Mindful Compassion: How the Science of Compassion Can Help You Understand Your Emotions, Live in the Present, and Connect Deeply with Others
Authors: Paul Gilbert and Choden (wiki link). Publishing year: 2013.
Mindful Compassion offers a revolutionary approach for improving your life. Mixing the traditional techniques of mindfulness meditation with recent scientific discoveries about compassion and brain functioning, this book is aimed at the westerner, non-religious reader, facing the challenges of our modern society.
Mindful Compassion is a self help book on mental well-being. It combines mindfulness ideas from Buddhist tradition with notions of compassion. It contains explanations and ideas originated in latest scientific research in the brain functioning and anatomy.
The book starts by explaining the two different notions that are the cornerstone of this approach: mindfulness and compassion. It defines the notions and details the reasoning behind this approach.
About the Authors
Paul Gilbert is a clinical psychologist. He is known for developing the compassion focused therapy. Choden is a Buddhist monk in the Tibetan tradition. One of his focus is to teach mindfulness in a secular setting using insights from neuroscience.
Together they write a book that is quite different from other books on the same subject.
The book starts by explaining the Buddha’s story. It elaborates on the traditional Four Noble Truths. Furthermore, it points out how modern psychology can relate with this ideas.
The book makes a very compelling description of how our brain has evolved to the current stage. How our mind is the product of a long evolutionary journey. As a result, we are the product of our conscious thoughts as much as our primeval emotions.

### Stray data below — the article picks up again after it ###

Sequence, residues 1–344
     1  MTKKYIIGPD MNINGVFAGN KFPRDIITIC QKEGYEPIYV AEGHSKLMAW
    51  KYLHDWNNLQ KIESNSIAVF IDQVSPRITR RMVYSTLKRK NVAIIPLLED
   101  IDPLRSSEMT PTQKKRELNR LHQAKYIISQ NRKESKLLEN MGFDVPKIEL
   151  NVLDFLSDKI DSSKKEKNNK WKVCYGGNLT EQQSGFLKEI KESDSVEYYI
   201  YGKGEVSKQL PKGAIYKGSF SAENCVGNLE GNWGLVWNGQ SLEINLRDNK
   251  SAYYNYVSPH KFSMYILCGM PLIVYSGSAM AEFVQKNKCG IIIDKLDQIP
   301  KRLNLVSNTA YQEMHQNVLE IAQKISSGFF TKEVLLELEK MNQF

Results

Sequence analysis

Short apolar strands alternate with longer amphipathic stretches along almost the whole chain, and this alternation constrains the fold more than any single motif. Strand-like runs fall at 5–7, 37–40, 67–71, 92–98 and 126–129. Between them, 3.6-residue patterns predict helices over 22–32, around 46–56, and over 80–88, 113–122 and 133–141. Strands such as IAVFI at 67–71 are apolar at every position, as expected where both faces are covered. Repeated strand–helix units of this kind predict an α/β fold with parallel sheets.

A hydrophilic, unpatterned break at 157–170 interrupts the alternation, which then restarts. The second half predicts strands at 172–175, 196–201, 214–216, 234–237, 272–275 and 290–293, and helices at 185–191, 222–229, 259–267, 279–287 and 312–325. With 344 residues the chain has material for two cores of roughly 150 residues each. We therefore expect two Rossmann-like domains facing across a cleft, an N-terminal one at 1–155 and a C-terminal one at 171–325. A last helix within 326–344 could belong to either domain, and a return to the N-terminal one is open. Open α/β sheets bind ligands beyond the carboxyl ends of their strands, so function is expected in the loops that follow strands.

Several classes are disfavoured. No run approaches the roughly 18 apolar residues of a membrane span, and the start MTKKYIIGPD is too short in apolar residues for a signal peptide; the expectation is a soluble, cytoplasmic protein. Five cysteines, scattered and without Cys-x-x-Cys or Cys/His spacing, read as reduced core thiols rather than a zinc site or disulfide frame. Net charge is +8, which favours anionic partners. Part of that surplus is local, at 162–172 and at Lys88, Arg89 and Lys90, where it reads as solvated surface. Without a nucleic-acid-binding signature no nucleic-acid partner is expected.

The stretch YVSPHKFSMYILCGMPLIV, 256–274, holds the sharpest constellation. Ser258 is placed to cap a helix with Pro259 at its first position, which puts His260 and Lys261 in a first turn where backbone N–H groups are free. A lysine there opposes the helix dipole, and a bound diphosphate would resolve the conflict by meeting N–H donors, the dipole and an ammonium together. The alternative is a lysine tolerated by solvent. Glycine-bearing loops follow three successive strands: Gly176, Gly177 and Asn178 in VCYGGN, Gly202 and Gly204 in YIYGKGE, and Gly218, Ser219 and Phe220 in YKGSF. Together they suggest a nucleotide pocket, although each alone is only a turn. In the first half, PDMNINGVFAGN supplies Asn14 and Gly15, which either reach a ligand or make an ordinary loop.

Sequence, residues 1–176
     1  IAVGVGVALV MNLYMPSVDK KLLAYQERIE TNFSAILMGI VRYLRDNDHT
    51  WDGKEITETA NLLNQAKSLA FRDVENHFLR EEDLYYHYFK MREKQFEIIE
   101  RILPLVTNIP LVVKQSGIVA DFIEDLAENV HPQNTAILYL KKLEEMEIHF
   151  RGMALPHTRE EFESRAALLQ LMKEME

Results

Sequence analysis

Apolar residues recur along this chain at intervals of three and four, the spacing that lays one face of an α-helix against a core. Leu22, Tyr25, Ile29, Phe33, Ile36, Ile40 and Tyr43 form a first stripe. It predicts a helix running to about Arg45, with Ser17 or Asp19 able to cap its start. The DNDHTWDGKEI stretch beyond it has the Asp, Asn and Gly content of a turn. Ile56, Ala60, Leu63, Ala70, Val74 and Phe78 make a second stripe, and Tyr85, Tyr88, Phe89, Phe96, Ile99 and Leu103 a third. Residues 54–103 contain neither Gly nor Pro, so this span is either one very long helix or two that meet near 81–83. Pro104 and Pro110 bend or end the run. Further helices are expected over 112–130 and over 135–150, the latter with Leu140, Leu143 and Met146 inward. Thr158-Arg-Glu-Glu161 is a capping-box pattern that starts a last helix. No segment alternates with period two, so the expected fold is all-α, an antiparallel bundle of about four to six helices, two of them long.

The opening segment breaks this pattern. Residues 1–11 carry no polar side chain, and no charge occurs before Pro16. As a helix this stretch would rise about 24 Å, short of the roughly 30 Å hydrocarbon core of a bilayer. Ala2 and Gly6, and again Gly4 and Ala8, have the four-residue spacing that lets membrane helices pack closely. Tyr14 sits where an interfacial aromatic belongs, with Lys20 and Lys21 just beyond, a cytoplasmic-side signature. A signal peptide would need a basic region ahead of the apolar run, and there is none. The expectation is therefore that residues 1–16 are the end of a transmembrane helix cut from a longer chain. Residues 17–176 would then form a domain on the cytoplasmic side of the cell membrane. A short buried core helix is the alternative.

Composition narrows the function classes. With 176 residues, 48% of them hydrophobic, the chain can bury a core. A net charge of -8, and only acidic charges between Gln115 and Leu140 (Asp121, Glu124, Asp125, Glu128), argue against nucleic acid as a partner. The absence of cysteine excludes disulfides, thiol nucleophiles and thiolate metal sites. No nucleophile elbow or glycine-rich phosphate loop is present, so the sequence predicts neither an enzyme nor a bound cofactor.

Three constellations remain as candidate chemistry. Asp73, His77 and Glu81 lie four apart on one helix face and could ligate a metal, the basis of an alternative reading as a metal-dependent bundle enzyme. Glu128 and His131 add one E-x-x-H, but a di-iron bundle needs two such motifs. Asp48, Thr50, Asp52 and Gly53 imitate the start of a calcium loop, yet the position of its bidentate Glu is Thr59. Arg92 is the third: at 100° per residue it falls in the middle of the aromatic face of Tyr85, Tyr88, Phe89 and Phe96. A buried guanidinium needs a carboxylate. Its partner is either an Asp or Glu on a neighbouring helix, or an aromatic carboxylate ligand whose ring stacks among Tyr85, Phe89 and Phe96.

Next, it describes the emotional systems. And how they can go astray.
The book makes a long and detailed description of what compassion means. In the same time, it explains what it isn’t and how we often misunderstand it. This helps us understand how to approach and learn compassion.
We have to see compassion as more than acknowledging suffering. Instead, and more importantly, we need to take action and alleviate it:
“Awakening compassion changes our relationship to ourselves and our world, and this makes all the difference.”
The subject of mindfulness is quite popular nowadays. This book makes an effort in explaining how we should understand mindfulness as part of our journey to become compassionate:
“It’s like a person sitting in a muddy pool; if she can just sit still the mud will gradually settle and the water will become clear. This will enable her to see into the depths of the water.”
Our modern world puts a lot of pressure on us. We are goal oriented. The belief that we need to get further in our job. Or to be able to buy more things: a bigger house, the latest car; puts an incredible stress on our mental and emotional health:
“We are living in a world full of mind-created illusions.”
Neuroscience and Psychology
This book is grounded as much in science as is in traditional beliefs. It offers a solid background in neuroscience and psychology:
“Compassion transforms the mind, but mindfulness provides the basis and stability for such change.”
According to Paul Gilbert we basically have two brains: and Old brain and a New brain.
The Old brain has evolved long ago. Other animals have also evolved this part of the brain. It is the base of our emotions: fear, anxiety, anger, lust, joy. Furthermore, it is also the basis for our social motivation like belonging and sex.
The New brain is what makes us human. We use this part of the brain for planning and for dreaming. This is the basis for out self identity. It’s what allows us to reflect, imagine and create.
We can use the new brain capabilities temper or enhance our old brain tendencies. We can use the reasoning part of our new brain to fuel the fears and anxieties of our old brain. Unfortunately this is detrimental to our well-being.
We should be using our new brain to put to rest, silence the old brain fears. This is book aims to help us make this shift:
“So when we look at the human brain, we can see that evolution has given rise to an extraordinarily complex but not that well put together organ”.
In the final part of the book we find a set of practices. They help us learn and cultivate mindful compassion.
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